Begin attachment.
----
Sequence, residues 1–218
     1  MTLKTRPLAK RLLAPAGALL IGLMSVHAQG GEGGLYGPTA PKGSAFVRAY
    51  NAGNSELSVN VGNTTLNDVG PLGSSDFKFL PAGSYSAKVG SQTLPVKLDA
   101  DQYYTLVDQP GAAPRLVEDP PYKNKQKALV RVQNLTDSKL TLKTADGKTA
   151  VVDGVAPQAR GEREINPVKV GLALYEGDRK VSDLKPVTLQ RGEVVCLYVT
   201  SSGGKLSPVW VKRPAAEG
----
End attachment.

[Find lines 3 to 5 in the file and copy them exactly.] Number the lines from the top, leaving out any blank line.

    51  NAGNSELSVN VGNTTLNDVG PLGSSDFKFL PAGSYSAKVG SQTLPVKLDA
   101  DQYYTLVDQP GAAPRLVEDP PYKNKQKALV RVQNLTDSKL TLKTADGKTA
   151  VVDGVAPQAR GEREINPVKV GLALYEGDRK VSDLKPVTLQ RGEVVCLYVT